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Pet Insurance Fraud: Claims & Cases

Jan 26, 2022

If you have a pet, then you will most likely want to take out insurance. Pet insurance can provide a wide range of cover for your pet – from the cost of veterinary treatment, a pay-out if your pet should die, be lost or stolen or cover if your pet harms someone or damages property.

But as with all insurance covers, you must provide accurate information to your insurer in order for the policy to be valid.

Here we look at the information you must give your pet insurer and why you must always give accurate information to avoid committing pet insurance fraud.

What information must you give a pet insurer?

You must give complete and accurate information to all the questions asked by the insurer you are looking to take a pet insurance policy out with. All insurers will ask a range of different questions, but the most important thing is to answer them honestly.

This will include declaring if your pet has any pre-existing medical conditions. According to the Association of British Insurers (ABI), a pre-existing condition is an illness or injury that your pet had or showed signs of having before the policy started. They go on to state that ‘this usually includes illnesses and injuries that can happen again or may appear in different parts of your pet’s body.’

All pet insurers will have their own definition of a pre-existing condition so you must make yourself aware of this before buying your policy. In many cases, a pet insurer will not provide cover for a pre-existing condition. And this is why you must declare a pre-existing condition when taking out your policy.

How do pet insurers know about pre-existing conditions?

In most cases, if you need to make a claim, your insurer will ask your vet for your pet’s medical records. From here, they will be able to ascertain whether the condition was pre-existing or not.

If the condition was pre-existing (and meets your insurers definition of pre-existing) then it is likely that your claim will be rejected. You may face additional consequences if you had not declared the pre-existing condition when you took out your policy.

What is pet insurance fraud?

The most common type of pet insurance fraud involves the policy holder withholding or misrepresenting information about their pet. For example, not declaring a pre-existing condition.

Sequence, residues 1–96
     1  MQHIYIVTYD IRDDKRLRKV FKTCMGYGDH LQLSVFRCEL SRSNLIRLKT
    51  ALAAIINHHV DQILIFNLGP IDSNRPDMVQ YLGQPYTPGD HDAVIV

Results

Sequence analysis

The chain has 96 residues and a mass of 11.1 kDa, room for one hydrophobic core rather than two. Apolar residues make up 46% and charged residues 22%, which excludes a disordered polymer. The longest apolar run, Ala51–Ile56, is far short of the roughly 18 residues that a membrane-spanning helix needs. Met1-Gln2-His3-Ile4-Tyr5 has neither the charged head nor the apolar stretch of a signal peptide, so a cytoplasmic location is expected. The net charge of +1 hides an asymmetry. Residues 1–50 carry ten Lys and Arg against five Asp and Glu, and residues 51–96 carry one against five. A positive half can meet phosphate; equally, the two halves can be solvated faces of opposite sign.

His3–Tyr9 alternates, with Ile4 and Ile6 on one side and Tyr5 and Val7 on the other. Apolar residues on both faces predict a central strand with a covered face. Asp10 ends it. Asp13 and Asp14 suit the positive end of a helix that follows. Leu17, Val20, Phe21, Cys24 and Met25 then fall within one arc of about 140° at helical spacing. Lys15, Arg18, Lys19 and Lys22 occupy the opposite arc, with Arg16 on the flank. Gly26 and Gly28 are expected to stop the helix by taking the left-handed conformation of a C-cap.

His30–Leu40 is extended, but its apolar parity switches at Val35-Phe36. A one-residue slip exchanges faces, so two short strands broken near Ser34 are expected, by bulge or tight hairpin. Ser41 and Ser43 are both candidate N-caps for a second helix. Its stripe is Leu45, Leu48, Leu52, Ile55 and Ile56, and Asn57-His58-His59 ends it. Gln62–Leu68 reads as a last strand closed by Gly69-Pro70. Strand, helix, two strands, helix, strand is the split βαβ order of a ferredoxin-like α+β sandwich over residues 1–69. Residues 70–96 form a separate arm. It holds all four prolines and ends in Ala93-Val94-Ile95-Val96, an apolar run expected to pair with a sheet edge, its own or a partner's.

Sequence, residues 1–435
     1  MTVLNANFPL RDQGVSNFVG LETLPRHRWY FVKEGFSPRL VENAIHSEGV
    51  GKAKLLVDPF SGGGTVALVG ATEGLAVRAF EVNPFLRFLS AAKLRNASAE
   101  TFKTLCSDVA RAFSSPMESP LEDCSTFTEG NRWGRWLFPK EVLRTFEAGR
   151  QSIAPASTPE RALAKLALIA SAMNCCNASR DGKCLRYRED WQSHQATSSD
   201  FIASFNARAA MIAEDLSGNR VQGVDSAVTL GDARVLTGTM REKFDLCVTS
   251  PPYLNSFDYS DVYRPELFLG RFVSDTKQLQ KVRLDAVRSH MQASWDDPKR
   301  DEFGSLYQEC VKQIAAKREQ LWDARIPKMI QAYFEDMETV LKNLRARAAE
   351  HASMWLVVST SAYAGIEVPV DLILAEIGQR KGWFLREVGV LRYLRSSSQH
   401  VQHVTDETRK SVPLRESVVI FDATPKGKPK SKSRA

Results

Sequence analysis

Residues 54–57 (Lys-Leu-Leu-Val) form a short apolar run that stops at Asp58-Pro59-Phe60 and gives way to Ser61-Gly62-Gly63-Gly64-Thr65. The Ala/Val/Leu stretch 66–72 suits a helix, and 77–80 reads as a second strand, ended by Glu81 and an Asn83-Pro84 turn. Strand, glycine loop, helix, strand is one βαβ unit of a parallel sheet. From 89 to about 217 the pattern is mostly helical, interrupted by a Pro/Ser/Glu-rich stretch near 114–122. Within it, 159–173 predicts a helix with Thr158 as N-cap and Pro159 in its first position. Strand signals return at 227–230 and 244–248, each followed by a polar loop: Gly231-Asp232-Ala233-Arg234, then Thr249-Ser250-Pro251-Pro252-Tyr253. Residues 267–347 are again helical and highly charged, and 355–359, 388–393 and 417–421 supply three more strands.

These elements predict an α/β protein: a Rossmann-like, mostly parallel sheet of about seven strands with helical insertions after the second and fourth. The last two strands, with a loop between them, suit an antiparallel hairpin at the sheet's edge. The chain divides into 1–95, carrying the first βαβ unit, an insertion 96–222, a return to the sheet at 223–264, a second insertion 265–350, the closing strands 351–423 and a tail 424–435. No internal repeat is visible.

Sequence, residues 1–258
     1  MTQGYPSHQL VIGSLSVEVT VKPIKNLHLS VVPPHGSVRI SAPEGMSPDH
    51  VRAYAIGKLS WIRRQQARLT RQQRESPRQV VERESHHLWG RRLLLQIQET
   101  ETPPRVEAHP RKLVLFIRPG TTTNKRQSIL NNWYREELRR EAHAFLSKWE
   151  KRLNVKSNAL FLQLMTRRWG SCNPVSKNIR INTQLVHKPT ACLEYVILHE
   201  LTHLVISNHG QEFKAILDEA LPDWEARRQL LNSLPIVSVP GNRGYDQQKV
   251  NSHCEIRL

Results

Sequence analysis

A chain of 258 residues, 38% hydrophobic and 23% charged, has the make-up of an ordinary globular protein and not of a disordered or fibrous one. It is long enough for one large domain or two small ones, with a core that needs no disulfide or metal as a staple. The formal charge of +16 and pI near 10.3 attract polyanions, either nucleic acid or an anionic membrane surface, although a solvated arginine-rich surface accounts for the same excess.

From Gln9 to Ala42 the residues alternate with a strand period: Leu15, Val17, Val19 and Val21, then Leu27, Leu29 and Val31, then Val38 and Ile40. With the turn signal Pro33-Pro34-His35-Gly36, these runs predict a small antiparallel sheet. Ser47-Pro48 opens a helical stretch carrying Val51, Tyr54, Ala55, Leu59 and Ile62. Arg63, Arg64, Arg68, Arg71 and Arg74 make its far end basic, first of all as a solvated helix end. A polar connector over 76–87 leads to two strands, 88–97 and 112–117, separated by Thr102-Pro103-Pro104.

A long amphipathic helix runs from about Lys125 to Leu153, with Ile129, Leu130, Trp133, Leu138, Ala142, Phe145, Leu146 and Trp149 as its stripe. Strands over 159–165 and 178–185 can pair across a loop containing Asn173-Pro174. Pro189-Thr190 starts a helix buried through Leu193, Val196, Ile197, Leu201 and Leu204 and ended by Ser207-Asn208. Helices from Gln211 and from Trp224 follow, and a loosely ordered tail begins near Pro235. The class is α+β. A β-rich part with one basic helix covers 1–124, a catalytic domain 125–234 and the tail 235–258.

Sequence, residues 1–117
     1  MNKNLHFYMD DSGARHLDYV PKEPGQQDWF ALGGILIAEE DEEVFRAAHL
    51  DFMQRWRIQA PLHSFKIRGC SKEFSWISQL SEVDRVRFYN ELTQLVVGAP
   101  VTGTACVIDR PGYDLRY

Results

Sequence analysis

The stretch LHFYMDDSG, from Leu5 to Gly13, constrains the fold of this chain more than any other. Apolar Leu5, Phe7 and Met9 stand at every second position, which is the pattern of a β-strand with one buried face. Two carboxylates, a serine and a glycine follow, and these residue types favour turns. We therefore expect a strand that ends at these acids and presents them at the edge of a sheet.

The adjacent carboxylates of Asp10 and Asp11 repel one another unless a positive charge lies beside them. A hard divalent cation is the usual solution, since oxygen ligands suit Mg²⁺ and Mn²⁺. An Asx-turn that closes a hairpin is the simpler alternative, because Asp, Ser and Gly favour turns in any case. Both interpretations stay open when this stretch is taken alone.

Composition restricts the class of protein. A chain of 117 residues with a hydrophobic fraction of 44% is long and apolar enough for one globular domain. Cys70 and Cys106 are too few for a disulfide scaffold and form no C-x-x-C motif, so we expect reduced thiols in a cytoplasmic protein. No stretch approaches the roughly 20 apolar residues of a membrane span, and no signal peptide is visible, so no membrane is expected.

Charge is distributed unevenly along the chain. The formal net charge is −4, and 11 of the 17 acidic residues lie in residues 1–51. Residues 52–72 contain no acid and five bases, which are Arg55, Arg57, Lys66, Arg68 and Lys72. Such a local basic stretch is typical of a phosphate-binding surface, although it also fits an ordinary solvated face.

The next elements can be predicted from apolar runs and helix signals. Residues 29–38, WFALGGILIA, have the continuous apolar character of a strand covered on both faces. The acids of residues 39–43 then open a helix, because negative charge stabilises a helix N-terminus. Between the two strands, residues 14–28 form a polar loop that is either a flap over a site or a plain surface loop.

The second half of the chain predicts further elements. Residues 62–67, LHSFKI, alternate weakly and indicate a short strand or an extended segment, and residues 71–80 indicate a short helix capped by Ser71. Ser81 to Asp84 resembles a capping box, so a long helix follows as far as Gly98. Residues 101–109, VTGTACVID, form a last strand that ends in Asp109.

This is typically done by the policyholder in the hope they will be able to make a claim for a condition which they pet has already suffered with.

Whilst you may not see it this way, withholding or providing incorrect information to an insurer is insurance fraud.

Other instances of pet insurance fraud can see policyholders;

  • submit claims for treatments which never took place
  • using one policy to make claims for multiple different pets (each pet must have its own cover)
  • creating fake vet bills
  • filing several claims for the same vet’s bill
  • exaggerating the costs of a vet’s bill

Possible punishments for committing pet insurance fraud

Committing any type of insurance fraud is a serious offence, including pet insurance fraud. Insurance fraud can be punishable in several ways depending on the severity of the case:

  • criminal conviction
  • potential imprisonment
  • having an insurance policy cancelled
  • finding it hard to obtain insurance or other financial services in the future

If you are looking to take out any type of insurance policy, then you must accurately represent all the facts about your situation when doing so. And remember, if any of your details change during the course of the policy, it will again be important to update your insurer or insurance broker so that these can be reflected in your circumstances and policy details.

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